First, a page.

Gods, Monsters, and Myths

Instructor: Janet Wesselius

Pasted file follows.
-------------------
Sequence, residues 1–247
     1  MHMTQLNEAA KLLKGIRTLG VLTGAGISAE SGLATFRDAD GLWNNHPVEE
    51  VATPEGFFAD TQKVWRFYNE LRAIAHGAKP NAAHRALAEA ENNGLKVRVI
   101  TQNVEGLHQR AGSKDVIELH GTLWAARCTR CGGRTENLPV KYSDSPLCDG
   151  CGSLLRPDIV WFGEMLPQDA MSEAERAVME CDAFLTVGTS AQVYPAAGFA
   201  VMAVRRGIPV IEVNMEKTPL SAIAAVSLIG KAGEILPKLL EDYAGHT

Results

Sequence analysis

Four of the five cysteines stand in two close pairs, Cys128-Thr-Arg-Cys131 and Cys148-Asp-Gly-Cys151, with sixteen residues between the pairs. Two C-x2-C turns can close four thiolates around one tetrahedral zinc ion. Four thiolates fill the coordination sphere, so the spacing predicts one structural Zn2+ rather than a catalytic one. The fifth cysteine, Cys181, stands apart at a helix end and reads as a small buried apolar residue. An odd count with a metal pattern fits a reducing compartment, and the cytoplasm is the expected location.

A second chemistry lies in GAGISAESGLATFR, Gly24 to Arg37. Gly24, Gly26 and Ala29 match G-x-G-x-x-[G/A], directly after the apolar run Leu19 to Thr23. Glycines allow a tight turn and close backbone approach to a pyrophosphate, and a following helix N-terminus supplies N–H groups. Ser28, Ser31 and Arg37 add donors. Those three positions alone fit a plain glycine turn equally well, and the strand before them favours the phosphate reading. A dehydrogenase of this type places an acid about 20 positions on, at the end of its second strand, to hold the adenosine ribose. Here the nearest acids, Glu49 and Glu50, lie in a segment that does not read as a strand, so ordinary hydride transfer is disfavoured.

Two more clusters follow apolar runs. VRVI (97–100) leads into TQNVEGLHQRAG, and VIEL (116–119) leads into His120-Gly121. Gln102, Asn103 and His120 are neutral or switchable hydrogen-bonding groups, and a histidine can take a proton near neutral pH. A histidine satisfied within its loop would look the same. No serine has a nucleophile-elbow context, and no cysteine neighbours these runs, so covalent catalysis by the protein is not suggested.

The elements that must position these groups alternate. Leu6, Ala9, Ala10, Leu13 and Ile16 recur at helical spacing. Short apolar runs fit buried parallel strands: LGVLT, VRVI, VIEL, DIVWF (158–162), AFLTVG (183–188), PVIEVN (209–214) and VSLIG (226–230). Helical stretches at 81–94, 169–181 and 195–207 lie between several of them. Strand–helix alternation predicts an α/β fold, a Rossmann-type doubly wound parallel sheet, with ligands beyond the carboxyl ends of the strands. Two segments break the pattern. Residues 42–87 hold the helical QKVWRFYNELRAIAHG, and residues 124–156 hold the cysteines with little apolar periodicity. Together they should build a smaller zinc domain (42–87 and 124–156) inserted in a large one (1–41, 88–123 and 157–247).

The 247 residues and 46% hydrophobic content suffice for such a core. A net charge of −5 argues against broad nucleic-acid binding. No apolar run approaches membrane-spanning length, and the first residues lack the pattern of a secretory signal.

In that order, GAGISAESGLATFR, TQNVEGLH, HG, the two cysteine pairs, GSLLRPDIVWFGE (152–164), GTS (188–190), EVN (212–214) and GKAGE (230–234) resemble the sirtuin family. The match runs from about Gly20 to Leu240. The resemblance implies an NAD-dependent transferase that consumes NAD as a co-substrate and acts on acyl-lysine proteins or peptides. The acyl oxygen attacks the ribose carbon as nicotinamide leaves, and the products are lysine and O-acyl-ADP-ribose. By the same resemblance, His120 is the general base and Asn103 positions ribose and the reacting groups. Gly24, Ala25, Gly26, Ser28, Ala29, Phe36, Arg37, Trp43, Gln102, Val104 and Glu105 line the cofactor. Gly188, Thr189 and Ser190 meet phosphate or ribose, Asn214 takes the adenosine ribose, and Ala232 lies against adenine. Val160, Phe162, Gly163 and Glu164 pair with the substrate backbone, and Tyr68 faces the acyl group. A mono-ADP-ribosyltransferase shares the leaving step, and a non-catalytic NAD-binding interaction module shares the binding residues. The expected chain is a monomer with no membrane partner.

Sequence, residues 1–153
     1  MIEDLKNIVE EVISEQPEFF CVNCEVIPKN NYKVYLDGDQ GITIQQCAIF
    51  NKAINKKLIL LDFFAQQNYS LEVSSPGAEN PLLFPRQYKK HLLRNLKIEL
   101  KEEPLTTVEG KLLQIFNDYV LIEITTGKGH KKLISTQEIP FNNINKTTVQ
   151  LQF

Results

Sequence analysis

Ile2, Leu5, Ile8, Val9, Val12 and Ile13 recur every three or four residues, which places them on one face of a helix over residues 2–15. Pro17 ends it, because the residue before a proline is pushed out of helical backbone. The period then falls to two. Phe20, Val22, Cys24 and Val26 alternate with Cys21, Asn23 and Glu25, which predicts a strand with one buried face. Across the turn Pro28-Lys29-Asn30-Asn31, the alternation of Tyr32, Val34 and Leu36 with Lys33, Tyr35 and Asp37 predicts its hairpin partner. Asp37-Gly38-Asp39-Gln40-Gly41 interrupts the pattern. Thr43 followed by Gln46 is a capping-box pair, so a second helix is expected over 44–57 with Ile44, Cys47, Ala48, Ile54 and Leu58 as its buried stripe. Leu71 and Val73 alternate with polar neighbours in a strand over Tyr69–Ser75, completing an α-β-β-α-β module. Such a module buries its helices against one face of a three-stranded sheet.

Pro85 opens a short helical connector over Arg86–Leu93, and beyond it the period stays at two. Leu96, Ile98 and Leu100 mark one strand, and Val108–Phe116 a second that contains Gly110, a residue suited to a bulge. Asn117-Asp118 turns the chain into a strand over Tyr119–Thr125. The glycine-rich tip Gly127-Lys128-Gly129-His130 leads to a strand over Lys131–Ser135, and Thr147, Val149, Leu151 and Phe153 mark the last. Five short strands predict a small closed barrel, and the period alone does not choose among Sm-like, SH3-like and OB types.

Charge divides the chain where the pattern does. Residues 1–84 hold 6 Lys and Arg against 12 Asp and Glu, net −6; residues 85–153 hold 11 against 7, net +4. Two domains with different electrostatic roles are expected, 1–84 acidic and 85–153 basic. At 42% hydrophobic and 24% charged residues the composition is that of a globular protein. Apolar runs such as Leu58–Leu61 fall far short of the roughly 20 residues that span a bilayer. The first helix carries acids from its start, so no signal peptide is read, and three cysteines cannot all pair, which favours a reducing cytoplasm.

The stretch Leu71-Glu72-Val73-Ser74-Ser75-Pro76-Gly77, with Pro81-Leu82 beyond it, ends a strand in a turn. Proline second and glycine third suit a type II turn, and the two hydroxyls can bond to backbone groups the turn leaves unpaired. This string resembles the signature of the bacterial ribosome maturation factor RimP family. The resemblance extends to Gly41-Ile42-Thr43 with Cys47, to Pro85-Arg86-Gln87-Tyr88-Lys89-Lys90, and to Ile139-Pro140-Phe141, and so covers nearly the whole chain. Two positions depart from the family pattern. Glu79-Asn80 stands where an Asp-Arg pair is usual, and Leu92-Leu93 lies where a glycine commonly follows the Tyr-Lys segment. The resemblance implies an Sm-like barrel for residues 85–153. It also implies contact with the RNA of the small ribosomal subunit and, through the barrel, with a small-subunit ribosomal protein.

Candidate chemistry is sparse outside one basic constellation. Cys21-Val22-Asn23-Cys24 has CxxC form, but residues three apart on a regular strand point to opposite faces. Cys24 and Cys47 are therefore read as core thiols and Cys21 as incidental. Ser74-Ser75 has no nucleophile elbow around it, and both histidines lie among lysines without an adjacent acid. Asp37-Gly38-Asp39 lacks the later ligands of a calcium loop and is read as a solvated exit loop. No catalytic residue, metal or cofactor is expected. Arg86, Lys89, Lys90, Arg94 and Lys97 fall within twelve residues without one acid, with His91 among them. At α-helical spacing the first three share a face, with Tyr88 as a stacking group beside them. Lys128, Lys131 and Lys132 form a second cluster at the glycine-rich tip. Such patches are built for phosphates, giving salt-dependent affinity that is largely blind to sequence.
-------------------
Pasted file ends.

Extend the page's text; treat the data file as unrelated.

The Ancient Greeks developed a system of belief based on mythological gods and ethereal monsters, and these otherworldly beings have become ingrained in our understanding of history and culture. However, we don’t believe in superhero gods or evil monsters anymore…or do we? It is commonly thought that gods and monsters are the stuff of myths, but why is it that myths continue to inform our understanding of history? Further, why did our ancestors create and tell myths? And is it really true that we no longer have mythologies today? In this course, we will look at myths, with their heroic gods and terrible monsters, to see what purpose they serve in our own lives. We will also discover how gods, monsters and myths are still used in contemporary society as we explore media such as novels, films, TV shows, podcasts and art. By the end of the course, you will have created your own “myth” from which to interpret your truths.